Tag Archives: Foreign aid

Signs and signals

24 Apr

Last Friday Phillip Hammond, our esteemed Chancellor of the Exchequer, indicated that after June 8th he would be free to raise both income tax and VAT. Theresa May declared that she would be ending the triple lock which secures the value of state pensions. She also said that the foreign aid budget would remain at the current level.

Now the possibility of raising taxes is in marked contrast with the manifesto promises of George Osbourne, and I genuinely salute him for his honesty. We can presume that taxes will be raised because he wouldn’t have said such a potentially damaging thing without making plans.

Theresa May’s statement about pensions could possibly alienate a fair number of Tory voters. The commitment to foreign aid spending is a little more curious. This spending is a favourite target of the right wing press and Mrs May normally pays close attention to their agenda. So the question that needs to be asked is why this is being maintained.

In order to do quick trade deals with countries once we exit the EU we need to offer sweeteners. It seems fairly clear that Mrs May offered access to the NHS for US health insurance companies as just this kind of sweetener. Her problem is that he areas remaining unprivatised are few and far between. The family silver has already been sold off to speculators.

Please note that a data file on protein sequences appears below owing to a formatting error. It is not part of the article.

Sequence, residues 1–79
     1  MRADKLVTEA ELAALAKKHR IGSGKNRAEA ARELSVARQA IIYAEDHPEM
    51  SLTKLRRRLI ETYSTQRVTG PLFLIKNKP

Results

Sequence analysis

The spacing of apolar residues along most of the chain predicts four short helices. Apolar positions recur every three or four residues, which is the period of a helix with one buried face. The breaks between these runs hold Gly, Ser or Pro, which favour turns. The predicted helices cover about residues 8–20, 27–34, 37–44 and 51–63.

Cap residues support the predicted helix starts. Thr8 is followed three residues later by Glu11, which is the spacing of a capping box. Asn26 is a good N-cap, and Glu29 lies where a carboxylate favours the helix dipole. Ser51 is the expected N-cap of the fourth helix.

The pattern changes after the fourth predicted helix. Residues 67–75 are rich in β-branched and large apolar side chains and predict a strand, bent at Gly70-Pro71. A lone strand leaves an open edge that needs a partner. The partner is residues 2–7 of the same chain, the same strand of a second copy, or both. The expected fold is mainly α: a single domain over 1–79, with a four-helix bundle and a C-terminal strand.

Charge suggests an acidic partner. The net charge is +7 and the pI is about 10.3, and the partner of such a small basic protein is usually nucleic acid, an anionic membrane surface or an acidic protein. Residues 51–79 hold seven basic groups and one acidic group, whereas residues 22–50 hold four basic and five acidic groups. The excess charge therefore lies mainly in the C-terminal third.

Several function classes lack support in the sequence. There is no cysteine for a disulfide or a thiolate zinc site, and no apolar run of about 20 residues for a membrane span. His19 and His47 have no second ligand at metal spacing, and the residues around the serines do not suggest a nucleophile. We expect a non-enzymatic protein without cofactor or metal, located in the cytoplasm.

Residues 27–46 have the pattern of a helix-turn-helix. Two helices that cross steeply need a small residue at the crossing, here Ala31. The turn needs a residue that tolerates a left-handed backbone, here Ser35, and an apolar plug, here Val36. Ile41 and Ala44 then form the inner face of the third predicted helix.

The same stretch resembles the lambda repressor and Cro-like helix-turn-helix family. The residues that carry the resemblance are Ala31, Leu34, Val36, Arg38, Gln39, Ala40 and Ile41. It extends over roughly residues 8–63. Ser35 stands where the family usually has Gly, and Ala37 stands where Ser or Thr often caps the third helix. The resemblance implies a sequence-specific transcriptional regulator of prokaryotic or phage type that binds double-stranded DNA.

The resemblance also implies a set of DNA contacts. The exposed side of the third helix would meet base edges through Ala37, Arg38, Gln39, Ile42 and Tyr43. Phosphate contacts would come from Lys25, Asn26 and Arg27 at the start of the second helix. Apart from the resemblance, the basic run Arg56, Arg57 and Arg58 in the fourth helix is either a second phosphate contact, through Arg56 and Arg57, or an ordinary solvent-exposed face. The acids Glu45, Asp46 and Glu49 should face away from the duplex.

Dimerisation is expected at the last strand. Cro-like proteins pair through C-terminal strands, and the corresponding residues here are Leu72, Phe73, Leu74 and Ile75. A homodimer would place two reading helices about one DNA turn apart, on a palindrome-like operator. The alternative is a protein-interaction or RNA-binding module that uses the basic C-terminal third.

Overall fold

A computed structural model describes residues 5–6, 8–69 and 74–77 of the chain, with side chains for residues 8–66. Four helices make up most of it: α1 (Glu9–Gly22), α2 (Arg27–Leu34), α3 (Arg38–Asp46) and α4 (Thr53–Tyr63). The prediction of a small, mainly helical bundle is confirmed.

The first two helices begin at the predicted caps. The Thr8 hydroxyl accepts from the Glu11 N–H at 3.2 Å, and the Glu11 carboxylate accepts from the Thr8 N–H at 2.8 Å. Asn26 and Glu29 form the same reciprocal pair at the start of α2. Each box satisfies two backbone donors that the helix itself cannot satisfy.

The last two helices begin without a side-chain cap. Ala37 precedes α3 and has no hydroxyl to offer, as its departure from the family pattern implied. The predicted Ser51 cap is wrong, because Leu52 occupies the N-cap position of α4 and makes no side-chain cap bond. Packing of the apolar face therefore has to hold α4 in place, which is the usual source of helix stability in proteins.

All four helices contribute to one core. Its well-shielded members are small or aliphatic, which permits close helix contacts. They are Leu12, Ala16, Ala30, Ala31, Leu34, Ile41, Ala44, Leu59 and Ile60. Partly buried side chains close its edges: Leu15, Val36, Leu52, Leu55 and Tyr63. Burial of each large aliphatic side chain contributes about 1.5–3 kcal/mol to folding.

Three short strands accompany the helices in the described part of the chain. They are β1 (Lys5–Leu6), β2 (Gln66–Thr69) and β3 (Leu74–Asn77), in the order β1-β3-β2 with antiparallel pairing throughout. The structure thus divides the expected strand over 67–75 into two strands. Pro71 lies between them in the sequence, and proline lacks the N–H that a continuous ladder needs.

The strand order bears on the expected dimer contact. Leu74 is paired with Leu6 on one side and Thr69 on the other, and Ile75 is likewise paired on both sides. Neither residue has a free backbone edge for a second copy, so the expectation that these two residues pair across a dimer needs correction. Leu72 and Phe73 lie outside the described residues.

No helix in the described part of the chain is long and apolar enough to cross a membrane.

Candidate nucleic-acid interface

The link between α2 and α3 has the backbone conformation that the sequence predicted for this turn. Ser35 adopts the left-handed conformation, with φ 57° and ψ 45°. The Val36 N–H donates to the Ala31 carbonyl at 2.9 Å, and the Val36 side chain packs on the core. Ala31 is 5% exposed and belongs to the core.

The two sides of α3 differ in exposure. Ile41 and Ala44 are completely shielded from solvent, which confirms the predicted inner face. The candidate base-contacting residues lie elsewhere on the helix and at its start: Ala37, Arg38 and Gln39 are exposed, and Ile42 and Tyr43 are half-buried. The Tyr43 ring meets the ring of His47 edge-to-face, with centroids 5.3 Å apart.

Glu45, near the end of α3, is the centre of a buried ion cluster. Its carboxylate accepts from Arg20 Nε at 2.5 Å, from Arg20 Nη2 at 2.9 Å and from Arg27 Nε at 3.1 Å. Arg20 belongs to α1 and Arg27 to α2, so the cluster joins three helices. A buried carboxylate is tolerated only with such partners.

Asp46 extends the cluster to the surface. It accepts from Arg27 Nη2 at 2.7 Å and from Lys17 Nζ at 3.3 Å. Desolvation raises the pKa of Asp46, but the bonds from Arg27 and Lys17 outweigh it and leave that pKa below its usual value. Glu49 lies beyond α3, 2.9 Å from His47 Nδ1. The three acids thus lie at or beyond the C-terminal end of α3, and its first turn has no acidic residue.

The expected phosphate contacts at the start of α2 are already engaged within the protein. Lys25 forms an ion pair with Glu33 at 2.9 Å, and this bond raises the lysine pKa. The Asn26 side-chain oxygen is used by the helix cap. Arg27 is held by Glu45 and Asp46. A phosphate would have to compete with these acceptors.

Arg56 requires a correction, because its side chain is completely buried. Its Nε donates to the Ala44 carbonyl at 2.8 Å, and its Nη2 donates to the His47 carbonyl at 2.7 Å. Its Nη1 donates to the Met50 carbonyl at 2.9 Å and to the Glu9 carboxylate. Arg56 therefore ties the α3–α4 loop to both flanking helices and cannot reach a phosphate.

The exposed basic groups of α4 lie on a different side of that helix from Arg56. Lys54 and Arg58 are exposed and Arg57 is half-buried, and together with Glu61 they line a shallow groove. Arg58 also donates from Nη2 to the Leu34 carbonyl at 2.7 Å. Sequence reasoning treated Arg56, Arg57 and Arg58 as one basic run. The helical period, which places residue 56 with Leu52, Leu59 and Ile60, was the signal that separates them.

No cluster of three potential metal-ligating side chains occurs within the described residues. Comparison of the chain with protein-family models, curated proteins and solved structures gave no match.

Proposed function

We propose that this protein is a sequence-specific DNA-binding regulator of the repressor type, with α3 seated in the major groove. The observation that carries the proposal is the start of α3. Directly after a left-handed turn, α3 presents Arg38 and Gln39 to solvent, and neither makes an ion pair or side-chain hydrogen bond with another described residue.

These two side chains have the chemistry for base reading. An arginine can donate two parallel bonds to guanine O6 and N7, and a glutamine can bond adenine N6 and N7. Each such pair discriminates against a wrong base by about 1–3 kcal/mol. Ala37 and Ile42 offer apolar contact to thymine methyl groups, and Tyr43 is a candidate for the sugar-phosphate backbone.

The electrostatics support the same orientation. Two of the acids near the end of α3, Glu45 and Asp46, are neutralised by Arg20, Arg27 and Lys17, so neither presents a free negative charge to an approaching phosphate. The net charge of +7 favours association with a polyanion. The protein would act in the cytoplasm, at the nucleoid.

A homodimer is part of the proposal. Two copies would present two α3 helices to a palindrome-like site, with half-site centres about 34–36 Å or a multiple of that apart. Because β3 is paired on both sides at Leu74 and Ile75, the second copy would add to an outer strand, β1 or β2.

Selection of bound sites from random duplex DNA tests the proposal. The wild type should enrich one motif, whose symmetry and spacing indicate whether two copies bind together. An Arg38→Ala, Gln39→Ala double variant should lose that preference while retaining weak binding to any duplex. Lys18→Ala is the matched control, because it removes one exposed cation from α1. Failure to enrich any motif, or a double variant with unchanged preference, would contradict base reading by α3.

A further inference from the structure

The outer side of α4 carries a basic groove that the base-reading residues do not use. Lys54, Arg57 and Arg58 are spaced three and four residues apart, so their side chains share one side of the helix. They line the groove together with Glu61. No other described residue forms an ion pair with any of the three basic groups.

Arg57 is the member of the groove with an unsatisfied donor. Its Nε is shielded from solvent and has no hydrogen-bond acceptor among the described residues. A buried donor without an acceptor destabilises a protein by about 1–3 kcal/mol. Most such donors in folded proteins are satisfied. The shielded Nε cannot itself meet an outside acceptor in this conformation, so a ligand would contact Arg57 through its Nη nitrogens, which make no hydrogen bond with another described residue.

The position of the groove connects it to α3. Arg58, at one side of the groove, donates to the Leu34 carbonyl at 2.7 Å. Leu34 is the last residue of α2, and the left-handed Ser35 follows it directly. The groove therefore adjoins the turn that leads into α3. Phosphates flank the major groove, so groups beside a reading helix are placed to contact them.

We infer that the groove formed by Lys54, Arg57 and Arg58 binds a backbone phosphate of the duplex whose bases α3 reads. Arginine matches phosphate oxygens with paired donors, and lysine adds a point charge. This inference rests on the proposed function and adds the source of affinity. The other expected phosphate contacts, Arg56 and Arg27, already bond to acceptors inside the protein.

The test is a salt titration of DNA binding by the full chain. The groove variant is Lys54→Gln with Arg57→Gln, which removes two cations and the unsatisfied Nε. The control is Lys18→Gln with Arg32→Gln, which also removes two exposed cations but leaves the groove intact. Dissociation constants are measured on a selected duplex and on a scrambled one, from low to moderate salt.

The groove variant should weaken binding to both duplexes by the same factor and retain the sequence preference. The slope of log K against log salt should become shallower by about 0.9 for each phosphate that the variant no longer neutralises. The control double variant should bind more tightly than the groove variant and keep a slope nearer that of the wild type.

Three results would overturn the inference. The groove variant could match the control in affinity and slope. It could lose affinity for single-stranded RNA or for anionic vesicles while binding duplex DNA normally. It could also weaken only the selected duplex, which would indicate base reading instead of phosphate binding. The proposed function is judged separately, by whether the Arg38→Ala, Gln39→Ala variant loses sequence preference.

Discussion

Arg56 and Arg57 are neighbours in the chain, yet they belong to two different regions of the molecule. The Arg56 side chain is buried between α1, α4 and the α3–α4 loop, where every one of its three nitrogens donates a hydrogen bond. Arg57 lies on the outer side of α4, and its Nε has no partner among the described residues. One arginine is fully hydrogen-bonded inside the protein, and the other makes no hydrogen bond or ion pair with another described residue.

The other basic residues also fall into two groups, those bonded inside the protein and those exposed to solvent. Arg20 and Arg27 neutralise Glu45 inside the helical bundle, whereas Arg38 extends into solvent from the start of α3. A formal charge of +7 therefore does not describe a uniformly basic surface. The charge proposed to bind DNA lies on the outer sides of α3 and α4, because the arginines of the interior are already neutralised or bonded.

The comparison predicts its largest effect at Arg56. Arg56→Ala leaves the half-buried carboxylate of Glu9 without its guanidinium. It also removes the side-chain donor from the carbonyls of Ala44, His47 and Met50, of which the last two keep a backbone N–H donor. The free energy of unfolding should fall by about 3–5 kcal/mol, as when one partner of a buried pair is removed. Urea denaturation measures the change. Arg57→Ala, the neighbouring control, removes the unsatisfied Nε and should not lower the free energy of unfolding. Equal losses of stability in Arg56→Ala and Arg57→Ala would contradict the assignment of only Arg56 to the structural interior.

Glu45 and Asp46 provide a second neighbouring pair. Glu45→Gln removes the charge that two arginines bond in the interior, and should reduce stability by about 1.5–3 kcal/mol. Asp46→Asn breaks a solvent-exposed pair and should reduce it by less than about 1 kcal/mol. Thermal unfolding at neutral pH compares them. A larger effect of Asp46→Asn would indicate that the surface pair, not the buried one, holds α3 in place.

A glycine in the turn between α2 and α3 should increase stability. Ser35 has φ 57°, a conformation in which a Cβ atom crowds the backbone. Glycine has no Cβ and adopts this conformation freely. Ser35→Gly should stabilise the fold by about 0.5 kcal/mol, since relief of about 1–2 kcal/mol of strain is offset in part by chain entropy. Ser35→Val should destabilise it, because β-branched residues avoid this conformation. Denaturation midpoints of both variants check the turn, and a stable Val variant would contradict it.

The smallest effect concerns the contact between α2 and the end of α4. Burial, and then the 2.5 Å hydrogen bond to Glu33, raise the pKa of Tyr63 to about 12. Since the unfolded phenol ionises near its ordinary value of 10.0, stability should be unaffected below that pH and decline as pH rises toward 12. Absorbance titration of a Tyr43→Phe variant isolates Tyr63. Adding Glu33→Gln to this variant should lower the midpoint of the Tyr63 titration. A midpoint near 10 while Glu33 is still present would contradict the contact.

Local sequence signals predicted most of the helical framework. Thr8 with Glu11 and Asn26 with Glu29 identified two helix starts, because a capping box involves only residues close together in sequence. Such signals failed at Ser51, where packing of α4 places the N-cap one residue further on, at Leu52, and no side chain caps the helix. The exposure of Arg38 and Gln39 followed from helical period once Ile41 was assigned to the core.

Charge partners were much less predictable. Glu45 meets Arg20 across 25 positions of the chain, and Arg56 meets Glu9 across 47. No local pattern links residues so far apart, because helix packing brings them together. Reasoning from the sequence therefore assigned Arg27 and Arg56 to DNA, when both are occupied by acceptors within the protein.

It would not be too difficult to arrange part of the foreign aid budget to be used for developments which would help to sweeten trade deals. Such help is normally of the brown envelope kind. And this is necessary because the reality of doing trade deals is that they are not fair and even, in no way a level playing field.

BrownEnvelope

I was told that I was cynical for thinking this, but will I be proved right?